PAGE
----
Year 2019
October 2019

Why do many children from low-income families struggle to acquire reading proficiency?

October 28, 2019

Why do many children from low-income families struggle to acquire reading proficiency?

1. Lack of explicit and systematic phonemic instruction

How does a child develop reading proficiency?  By gaining phonemic awareness, and then learning to read.

Children from low-income families lack the language exposure and are less likely to pick up phonemic awareness without explicit and systematic instruction. A child’s level of phonemic awareness on entering school is widely held to be the strongest single determinant of the success in learning to read — or, conversely, the likelihood of failure (Adams, 1990)1.

In most Singapore preschools, phonemic awareness instruction is not deliberate and purposeful. Phonemic awareness instruction should be child-appropriate, intentional, not incidental (or even accidental), in classrooms. (Adams & Bruck, 1995)2. Many English language preschool educators are themselves not familiar with the concept of phonemic awareness.  While there may be lessons in phonics, they are often limited to teaching the letter-sound association without teaching children to work with the sounds.  Often, children are merely able to identify the sounds, but they are not able to apply the phonics knowledge to decode words.

2. Lack of tiered lessons

Without a sound foundation in phonemic awareness, children from low-income families are at a distinct (and, possibly, insurmountable) disadvantage when developing grade appropriate reading proficiency. The challenge to pick up reading skills is further compounded by the fact that in many preschools, these children have to contend with work that is pitched above their abilities. Typically, preschools do not provide sufficient support for children who may not be able to keep up with the pace of the lessons. It is possible that many children from low-income families fail at reading simply because no one taught them to read at 5 and 6 years of age.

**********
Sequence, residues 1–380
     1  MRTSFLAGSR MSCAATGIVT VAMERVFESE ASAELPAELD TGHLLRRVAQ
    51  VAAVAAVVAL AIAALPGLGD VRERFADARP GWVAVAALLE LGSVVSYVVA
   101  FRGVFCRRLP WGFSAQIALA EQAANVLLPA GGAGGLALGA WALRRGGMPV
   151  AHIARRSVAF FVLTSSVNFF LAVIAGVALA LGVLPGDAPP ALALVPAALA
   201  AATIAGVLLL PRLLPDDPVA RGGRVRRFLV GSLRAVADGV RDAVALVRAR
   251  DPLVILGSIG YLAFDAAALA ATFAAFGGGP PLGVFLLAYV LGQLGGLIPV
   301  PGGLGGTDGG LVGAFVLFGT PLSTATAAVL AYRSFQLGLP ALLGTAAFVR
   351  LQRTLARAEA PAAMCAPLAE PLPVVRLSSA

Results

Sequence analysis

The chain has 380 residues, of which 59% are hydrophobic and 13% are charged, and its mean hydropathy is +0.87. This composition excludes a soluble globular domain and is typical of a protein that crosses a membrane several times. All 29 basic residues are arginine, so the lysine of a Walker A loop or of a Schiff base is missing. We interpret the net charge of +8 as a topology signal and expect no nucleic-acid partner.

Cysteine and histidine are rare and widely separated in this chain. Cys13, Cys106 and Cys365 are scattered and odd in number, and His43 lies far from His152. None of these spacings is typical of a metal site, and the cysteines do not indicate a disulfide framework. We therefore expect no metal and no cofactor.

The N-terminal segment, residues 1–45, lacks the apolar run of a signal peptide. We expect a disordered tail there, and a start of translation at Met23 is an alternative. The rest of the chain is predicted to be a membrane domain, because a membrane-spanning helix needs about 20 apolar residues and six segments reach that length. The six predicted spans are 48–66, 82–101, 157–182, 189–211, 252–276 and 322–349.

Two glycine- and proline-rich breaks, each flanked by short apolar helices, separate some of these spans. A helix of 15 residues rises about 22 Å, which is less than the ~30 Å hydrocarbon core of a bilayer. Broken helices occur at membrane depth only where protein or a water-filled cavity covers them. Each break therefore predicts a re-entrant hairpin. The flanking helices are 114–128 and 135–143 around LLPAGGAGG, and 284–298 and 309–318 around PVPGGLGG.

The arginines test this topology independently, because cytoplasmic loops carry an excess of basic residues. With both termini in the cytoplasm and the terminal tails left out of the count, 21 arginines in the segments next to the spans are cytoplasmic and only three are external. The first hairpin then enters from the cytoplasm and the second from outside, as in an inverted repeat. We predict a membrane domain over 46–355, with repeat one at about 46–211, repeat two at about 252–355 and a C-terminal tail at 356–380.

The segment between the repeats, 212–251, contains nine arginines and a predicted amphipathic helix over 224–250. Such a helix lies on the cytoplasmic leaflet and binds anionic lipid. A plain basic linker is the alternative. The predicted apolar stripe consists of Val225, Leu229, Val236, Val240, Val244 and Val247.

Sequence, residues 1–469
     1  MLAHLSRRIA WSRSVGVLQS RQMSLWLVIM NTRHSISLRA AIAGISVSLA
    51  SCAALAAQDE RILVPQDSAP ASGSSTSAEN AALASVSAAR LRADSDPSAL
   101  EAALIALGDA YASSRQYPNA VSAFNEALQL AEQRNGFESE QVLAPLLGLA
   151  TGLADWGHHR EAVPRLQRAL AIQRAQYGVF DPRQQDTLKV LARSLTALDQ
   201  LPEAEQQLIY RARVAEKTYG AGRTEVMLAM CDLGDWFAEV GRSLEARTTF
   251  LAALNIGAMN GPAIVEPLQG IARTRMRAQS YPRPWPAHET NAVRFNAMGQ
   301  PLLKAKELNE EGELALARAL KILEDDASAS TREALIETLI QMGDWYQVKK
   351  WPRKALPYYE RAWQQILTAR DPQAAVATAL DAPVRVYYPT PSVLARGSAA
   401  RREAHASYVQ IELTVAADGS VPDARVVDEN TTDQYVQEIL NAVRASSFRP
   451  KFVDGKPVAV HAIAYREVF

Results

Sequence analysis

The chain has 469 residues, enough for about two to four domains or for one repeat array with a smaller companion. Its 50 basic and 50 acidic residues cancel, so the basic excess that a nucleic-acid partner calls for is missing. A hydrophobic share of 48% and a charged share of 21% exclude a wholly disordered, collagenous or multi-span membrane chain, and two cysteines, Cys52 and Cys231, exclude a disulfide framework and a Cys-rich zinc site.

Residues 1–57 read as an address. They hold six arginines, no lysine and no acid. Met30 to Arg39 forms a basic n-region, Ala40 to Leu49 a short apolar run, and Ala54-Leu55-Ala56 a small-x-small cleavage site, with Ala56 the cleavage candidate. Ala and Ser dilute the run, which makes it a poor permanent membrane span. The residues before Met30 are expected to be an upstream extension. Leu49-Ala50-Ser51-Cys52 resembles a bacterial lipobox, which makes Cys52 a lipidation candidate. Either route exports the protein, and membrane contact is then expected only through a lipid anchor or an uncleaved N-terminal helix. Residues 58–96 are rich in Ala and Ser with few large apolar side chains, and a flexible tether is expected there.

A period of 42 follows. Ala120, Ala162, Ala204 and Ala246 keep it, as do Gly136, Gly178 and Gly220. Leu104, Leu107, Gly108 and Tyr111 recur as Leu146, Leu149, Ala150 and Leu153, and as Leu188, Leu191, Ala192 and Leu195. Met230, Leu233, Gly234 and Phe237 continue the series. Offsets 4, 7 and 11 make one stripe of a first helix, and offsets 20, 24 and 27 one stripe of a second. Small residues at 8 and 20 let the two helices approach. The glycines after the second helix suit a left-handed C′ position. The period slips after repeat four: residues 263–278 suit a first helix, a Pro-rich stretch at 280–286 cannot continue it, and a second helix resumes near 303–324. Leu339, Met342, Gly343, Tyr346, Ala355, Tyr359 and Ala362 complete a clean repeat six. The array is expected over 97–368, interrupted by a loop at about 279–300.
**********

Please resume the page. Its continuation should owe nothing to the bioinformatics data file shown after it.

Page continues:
3. Limiting reading to word decoding

Children from low-income families typically lack home support in language development. Many of them would not have been read to at home nor be exposed to a print rich environment. Because such children would typically acquire some word recognition at school, their reading experience may involve no more than decoding of words and they do not naturally make connections with the text. (Schools, in general, fail to allocate dedicated time for children to be read to.) The consequence of this failure to engage with the text is the inability to comprehend what is read. This lack of reading comprehension severely handicaps them in their learning in school.

This is why we do what we do. Our GROW programme is designed specifically to address the fundamental literacy needs of children from low-income families who struggle to acquire reading skills. We focus on establishing the children’s phonological awareness (through the systematical teaching of phonemic awareness) before introducing actual phonics. We adopt the Response-to-Intervention (RTI) methodology which emphasizes systematic screening, tiered intervention and progress monitoring.

GROW has the potential to make a tremendous difference in the lives of the children from low-income families.

“If kids come to us from strong, healthy functioning families, it makes our job easier. If they do not come to us from strong, healthy, functioning families, it makes our job more important.”
Barbara Coloroso


1Adams, M. J. (1990). Beginning to read: Thinking and learning about print.

2Adams, M. J., & Bruck, M. (1995). Resolving the “great debate.” American Educator, Summer, 7, 10–20.